The term “impact investments” means different things to different people, and people use it to refer to a variety of investment vehicles. In general, impact investments are different from more traditional investments because they take into consideration (to varying degrees) the social or environmental risk or impact of a given investment. Compare this to a more traditional investment model that looks to generate competitive returns based on profit maximization, without taking into consideration social or environmental concerns. In a traditional model, a family foundation focused on saving the “Crumple-Horned Snorkack” would not take into consideration whether its investment portfolio invests in companies that might contribute to the endangerment of the Snorkack. The foundation would invest to generate competitive returns and to maximize profit, and use that profit to further its charitable work.

The traditional investment model described above has certainly stood the test of time. However, some family foundations have sought out different investment models that seek to generate both financial and social/environmental returns, outcomes or impact. Generally, such family foundations are motivated by a desire to deploy part or all of the principal assets of the foundation, in addition to its grant making dollars, in furtherance of the family’s charitable mission. When engaging in impact investing, the governing body of the family foundation must determine those investment policies that are most sensible for that foundation in light of its mission, its tolerance for risk, and applicable state and federal law.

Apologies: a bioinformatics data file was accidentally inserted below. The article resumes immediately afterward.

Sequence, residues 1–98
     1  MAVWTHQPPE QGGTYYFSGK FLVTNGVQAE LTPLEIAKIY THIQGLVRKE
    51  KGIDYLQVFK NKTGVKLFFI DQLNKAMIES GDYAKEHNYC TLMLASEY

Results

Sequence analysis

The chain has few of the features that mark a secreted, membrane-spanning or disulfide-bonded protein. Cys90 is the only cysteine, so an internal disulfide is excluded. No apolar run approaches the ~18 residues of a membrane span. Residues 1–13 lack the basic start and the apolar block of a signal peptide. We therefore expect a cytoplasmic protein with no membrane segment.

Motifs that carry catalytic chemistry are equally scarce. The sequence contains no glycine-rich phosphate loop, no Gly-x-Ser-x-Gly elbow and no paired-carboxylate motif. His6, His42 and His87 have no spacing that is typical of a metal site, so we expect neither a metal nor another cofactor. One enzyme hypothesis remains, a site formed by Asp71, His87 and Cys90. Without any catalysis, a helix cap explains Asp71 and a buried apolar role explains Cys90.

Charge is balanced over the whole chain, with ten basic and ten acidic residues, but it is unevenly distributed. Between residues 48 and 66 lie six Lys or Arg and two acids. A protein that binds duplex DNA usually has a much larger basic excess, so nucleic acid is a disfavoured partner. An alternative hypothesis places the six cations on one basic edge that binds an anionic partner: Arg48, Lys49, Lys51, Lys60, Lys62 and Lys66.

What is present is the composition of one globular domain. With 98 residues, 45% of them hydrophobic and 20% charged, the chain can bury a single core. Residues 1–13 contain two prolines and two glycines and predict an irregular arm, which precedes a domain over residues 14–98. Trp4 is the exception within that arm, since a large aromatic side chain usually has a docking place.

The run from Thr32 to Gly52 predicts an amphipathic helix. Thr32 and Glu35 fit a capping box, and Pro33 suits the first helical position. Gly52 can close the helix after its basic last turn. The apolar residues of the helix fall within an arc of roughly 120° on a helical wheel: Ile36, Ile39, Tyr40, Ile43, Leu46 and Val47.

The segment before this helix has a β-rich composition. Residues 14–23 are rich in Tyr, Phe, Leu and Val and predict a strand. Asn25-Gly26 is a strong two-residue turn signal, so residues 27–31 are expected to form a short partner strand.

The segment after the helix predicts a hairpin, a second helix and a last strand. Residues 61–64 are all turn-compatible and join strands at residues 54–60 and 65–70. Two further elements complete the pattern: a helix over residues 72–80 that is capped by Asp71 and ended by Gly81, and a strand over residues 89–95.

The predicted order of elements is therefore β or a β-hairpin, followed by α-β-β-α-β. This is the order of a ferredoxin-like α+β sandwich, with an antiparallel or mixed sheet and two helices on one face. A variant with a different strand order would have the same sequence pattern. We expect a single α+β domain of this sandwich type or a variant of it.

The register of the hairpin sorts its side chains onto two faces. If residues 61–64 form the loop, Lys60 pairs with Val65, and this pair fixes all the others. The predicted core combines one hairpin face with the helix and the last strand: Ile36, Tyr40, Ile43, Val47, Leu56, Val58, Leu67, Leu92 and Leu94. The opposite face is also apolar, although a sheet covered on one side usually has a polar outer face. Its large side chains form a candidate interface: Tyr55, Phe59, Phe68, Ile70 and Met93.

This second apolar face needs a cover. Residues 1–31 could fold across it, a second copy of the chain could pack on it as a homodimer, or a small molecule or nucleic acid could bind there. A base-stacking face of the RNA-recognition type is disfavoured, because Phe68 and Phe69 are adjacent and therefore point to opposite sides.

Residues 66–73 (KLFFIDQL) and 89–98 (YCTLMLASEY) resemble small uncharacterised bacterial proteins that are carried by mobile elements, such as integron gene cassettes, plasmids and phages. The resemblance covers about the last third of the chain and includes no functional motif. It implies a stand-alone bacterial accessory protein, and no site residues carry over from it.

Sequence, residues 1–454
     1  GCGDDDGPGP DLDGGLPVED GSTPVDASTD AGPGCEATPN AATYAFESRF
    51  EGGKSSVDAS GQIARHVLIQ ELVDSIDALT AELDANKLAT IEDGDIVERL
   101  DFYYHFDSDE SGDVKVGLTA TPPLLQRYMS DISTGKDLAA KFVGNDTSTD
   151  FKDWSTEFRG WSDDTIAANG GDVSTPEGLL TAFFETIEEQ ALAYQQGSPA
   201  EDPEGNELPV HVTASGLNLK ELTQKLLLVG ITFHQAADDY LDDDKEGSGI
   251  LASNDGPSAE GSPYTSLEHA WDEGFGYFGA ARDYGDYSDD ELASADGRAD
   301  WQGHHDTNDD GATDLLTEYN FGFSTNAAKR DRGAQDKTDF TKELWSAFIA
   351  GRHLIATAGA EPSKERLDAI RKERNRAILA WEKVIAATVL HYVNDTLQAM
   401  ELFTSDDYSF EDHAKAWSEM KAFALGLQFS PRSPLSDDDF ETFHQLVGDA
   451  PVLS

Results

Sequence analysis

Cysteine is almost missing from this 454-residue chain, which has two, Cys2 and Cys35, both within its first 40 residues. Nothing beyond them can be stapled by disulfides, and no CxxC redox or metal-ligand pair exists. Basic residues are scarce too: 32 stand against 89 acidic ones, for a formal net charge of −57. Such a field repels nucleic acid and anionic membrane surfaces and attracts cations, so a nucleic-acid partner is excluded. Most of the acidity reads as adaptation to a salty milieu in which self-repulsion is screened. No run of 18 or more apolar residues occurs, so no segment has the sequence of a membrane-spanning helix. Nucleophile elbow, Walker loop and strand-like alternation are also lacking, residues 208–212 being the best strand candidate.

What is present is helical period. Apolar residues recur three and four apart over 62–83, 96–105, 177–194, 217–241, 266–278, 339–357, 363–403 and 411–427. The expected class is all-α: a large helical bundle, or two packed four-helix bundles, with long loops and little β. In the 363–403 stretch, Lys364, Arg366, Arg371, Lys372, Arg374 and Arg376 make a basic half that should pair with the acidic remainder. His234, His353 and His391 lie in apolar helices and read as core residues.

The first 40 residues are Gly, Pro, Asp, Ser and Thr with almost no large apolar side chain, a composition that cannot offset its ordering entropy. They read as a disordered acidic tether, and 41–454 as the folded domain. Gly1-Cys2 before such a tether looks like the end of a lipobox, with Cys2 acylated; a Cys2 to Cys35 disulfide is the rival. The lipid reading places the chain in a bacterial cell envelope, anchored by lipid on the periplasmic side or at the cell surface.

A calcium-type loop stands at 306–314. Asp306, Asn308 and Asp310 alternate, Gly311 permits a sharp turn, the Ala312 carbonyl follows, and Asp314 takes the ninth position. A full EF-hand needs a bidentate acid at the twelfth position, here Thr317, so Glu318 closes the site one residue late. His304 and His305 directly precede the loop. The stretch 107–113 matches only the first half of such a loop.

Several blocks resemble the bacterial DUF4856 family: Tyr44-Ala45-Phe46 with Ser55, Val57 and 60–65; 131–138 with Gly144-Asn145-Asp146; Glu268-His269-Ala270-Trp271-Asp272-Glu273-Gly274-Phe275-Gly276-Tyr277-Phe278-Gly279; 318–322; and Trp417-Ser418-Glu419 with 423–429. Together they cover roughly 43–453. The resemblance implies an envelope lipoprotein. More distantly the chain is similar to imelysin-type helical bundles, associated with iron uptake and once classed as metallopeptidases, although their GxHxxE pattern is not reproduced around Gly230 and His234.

Impact investment models may involve the use of negative screens, where investments with high environmental, social or governance risks (or other risks of particular concern to the family) are screened out. Using the example above, the family foundation focused on saving the Snorkack would take into consideration the impact the companies it chooses to invest in have on the Snorkack habitat. Another strategy used, perhaps in tandem with the negative screens discussed above, is positive screening, where investments are specifically selected because the companies involved have integrated social and environmental concerns into their business models. Again, the exemplar foundation discussed above would use positive screens to make investments in companies with practices that demonstrate a positive impact on the protection or preservation of Snorkack habitat.